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ARS Home » Midwest Area » Bowling Green, Kentucky » Food Animal Environmental Systems Research » Research » Publications at this Location » Publication #291362

Title: Mycobacterium avium subsp paratuberculosis cells are surprisingly resistant to ensiling process.

item Cook, Kimberly - Kim
item FLIS, SALLY - Miner Institute
item BALLARD, CATHERINE - Miner Institute

Submitted to: Paratuberculosis Newsletter
Publication Type: Research Technical Update
Publication Acceptance Date: 2/25/2013
Publication Date: 3/4/2013
Citation: Cook, K.L., Flis, S.A., Ballard, C.S. 2013. Mycobacterium avium subsp paratuberculosis cells are surprisingly resistant to ensiling process. Paratuberculosis Newsletter. March 2013 p7-8.

Interpretive Summary:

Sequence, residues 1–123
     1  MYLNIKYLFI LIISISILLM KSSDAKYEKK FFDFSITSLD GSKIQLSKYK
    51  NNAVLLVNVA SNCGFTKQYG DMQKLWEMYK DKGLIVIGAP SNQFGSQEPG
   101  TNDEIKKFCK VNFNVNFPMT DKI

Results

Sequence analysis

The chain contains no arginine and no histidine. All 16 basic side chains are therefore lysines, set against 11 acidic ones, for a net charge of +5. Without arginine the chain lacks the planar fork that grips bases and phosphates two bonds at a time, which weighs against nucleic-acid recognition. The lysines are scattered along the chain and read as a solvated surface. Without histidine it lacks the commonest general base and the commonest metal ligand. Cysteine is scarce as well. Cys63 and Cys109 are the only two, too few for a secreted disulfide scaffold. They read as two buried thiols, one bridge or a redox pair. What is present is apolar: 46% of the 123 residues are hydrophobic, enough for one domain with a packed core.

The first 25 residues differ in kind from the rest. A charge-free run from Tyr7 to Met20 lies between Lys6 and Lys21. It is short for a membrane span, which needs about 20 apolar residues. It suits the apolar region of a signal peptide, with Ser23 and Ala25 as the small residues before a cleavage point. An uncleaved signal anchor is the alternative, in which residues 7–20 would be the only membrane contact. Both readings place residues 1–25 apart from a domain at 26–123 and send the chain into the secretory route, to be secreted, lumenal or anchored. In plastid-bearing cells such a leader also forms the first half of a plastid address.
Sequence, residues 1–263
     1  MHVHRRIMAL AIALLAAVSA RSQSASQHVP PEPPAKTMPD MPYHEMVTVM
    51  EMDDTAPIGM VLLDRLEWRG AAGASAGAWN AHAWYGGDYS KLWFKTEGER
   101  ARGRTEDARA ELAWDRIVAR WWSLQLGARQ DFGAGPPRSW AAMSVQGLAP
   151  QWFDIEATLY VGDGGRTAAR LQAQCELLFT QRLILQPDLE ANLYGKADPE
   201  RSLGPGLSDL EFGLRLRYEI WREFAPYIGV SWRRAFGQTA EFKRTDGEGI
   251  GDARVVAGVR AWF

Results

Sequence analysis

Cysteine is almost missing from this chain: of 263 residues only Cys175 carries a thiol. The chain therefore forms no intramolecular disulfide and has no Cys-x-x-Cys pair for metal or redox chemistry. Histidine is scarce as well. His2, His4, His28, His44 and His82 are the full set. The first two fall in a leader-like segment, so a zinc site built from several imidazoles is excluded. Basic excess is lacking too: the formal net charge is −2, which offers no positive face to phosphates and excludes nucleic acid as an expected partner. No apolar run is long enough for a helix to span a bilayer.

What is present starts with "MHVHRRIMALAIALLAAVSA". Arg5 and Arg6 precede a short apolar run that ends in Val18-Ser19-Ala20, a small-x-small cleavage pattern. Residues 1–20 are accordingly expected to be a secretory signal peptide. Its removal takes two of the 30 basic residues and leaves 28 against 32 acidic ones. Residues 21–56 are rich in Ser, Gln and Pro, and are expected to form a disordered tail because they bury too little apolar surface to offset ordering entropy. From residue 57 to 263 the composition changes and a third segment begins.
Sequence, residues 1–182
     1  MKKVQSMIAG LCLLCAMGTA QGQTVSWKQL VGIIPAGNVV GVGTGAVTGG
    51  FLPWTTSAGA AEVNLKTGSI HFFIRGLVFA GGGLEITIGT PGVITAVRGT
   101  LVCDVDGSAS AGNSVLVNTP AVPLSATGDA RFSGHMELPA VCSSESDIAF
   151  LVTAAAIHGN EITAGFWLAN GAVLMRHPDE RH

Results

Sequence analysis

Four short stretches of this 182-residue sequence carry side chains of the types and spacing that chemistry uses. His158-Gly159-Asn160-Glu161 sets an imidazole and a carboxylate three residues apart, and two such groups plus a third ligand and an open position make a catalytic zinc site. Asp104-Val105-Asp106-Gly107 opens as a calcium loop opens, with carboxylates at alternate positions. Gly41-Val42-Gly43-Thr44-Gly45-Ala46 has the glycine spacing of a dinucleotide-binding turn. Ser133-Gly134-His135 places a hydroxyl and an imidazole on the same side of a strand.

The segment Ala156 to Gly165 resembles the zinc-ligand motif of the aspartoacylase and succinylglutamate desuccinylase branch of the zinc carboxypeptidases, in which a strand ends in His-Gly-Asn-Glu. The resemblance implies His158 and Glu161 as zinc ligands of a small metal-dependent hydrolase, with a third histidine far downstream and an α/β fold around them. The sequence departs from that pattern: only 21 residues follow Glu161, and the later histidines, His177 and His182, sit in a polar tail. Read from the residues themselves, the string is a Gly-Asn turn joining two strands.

Technical Abstract: Silage is a valuable source of nutrients for dairy and beef cattle in non-forage months. The most commonly ensiled crops include corn and grass forage, both of which are often fertilized with livestock manure spread by broadcasting onto the soil or by spray irrigation. Pathogen contamination may result from application of contaminated manure or wash waters to silage crops. Die-off of undesirable microbial populations in materials undergoing the ensiling process occurs as a result of production of weak organic acids (including lactic, acetic and propionic) and concomitant decreases in pH. Pathogens of concern in silage, therefore, are those like Mycobacterium avium subsp paratuberculosis (M. paratuberculosis) which are resistant to acids and are able to withstand harsh conditions encountered in the natural environment and within the host during pathogenesis. Researchers found that while M. paratuberculosis was sensitive to direct intracellular acidification when exposed to organic acids, the organism was over 7 times less sensitive when exposed to silage exudates at the same pH. In fact, M. paratuberculosis cells showed no significant decrease in repeated silage experiments. Results from this series of studies suggest that cells of M. paratuberculosis may persist when exposed to the low pH and high organic acids that are key to the ensilaging process. Silage may be a potential route of exposure if viable M. paratuberculosis cells survive and are ingested by a susceptible animal. Given the organisms importance as a dairy pathogen, further research is needed to better understand persistence of this organism in livestock feeds.